I'm saying if you write these as matrices then:
$$(\hat 1 - A^\dagger)^{-1} = ( \sum_{0 < R \leq 1} \hat R)^\dagger$$

How do you sum the values from 0 to 1? Is it like integration?

Yea... so inutitively I'm thinking I'll order them in descending order?

@MoreAnonymous LHS should be $(I-A^\dagger)^{-1}-I$? Also there's inconsistent use of $<$ and $\le$ in your post...

Ah ... no thats accurately used... Remember $\hat I = \hat 1$
Well if you want$$(\hat 1 - A^\dagger)^{-1} = ( \sum_{0 < R \leq 1} \hat R)^\dagger \implies I - (I + \underbrace{(\sum_{0 < R < 1}\hat R)^\dagger}_{\hat O} )^{-1} = A^\dagger$$ in some sense

I meant what about the extra $\color{red}{-I}$ at the end: \begin{align}I-(I+\hat O^\dagger)^{-1}=A^\dagger&\implies(I-A^\dagger)^{-1}=I+\hat O^\dagger\\&\implies\hat O^\dagger=\left(\sum\limits_{0 < R \leq 1} \hat R\right)^\dagger=(I-A^\dagger)^{-1}\color{red}{-I}\end{align}

1:21 PM
This is the correct equation can't find yours: \begin{align}I-(I+\hat O^\dagger)^{-1}=A^\dagger&\implies(I-A^\dagger)^{-1}=I+\hat O^\dagger\\&\implies\hat O^\dagger=\left(\sum\limits_{0 < R < 1} \hat R\right)^\dagger=(I-A^\dagger)^{-1}{-I}\end{align}
Can you tell me which equation number on that post?

I was just saying you forgot the $-I$ at the end of the LHS

Ah ... I think I know what;s going on ... one moment

Yep, it's the use of $<$ and $\le$
The $\le$ takes into account $-I$, my bad :P

@TheSimpliFire Yup you figured it out :P
Do you think it's an interesting post?

To answer your question, one way would be to evaluate a general $(A^\dagger)^k$ for $k=1,2,\cdots$ and then multiply by $\vert\phi\rangle$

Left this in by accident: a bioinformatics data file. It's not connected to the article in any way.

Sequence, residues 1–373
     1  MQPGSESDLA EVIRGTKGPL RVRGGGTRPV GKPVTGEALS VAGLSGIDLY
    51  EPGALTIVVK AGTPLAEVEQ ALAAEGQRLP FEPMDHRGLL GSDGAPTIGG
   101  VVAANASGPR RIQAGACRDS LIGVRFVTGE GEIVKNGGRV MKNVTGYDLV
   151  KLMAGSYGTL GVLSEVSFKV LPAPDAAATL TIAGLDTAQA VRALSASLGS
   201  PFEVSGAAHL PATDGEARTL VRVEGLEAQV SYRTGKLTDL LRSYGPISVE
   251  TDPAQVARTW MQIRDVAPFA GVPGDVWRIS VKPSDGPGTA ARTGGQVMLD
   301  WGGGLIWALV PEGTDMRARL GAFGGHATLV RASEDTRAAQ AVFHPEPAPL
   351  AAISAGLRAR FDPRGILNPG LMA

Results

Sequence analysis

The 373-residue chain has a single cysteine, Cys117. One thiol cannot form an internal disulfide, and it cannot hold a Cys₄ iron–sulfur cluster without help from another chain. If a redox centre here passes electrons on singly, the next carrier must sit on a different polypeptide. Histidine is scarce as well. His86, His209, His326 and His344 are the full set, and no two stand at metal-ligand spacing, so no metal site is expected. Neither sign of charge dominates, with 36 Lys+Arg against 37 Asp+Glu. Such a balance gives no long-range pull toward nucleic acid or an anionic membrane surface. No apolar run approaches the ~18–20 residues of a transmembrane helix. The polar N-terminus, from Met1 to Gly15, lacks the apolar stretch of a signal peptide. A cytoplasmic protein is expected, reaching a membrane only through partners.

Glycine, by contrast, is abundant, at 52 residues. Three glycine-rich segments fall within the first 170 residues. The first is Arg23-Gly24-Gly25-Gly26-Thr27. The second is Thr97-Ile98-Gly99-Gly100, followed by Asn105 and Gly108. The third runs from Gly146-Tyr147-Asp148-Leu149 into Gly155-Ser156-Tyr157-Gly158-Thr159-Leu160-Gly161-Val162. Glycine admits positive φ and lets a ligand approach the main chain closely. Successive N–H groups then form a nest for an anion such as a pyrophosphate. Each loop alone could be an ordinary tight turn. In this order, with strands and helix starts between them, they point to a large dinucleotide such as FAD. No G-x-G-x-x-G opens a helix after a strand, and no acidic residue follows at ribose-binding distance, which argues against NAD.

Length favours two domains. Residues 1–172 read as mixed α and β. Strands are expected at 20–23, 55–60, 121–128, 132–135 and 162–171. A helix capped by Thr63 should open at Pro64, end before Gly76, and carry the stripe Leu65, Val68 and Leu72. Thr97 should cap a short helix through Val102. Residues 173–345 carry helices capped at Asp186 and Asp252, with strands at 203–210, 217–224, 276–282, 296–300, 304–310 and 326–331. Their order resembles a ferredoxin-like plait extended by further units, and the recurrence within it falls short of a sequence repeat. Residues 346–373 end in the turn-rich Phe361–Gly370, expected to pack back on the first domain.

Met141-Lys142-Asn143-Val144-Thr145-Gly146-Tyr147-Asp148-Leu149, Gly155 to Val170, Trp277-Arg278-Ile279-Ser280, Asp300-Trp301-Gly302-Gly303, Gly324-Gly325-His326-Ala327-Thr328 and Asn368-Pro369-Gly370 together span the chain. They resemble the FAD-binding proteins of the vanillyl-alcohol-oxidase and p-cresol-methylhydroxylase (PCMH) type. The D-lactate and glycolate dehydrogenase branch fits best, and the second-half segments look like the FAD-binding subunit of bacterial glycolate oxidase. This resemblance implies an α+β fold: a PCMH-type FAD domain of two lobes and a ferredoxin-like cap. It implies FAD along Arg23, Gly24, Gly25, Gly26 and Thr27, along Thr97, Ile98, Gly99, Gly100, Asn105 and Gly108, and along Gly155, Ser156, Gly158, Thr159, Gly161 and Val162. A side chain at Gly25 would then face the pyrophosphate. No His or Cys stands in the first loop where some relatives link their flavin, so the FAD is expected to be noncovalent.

@MoreAnonymous It appears an interesting problem IMO

1:29 PM
@TheSimpliFire Thanks ... I was hoping to make use of it somewhere (bounding the S matrix) and somehow (making the math work out)

1:48 PM
can i ask doubt here?It's very simple question

2:13 PM
Back
@MathGeek What is it

2:27 PM
@TheSimpliFire in reactions like H2 + I2 = 2HI.There is no effect of pressure.I clearly understand this fact by law of Action. But again this reaction Equilibrium gets affected by temperature as it's an Exothermic reaction.And Temperature is proportional to Pressure. Now these two statements are contrary to each other.Please explain where am i wrong?

@MathGeek There's an equal number of moles of gases on each side of the equation
Increasing the pressure has no effect.

@TheSimpliFire yeah i know that fact. but" But again this reaction Equilibrium gets affected by temperature as it's an Exothermic reaction.And Temperature is proportional to Pressure."
by gay lussac law t is propotional to pressure
and if this reaction has effect of temperature. so it must have effect of pressure

I think that's where we need the equilibrium constant
(partial pressures)

@TheSimpliFire ik i'm dumb but can you please explain

@MathGeek You have P1V1/T1 = P2V2/T2. The temperature does not have to increase as pressure increases, when V2 < V1 appropriately
Suppose the pressure is doubled. If the volume is halved, the temperature stays constant.
T is proportional to pressure assuming a constant volume

2:36 PM
since reactions doesn't depends on volume so it can be made to constant

n = cv

ok!! gotcha

@TheSimpliFire in which grade are you ??

last year of secondary

2:38 PM
i'm in class 10
high school

I got taught equilibria at about that time as well

3 hours later…
5:14 PM
@Mathphile Hi. Today in our newsletter : One solution of the equation $$x^3+y^3+z^3=42$$ where $42$ is the "answer to everything" (joke in a science fiction film where a computer should calculate the answer to everything and output 42) :
? print(a)
-80538738812075974
? print(b)
80435758145817515
? print(c)
12602123297335631
? print(a^3+b^3+c^3)
42
?
Finally, after decades of efforts, this solution was found !
in the university of Bristol